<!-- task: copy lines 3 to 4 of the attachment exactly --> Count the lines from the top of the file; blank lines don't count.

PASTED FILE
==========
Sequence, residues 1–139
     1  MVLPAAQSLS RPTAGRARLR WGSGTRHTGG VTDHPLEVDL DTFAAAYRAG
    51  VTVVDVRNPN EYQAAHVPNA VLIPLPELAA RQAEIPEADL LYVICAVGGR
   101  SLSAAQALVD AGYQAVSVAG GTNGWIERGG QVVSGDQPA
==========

    51  VTVVDVRNPN EYQAAHVPNA VLIPLPELAA RQAEIPEADL LYVICAVGGR
   101  SLSAAQALVD AGYQAVSVAG GTNGWIERGG QVVSGDQPA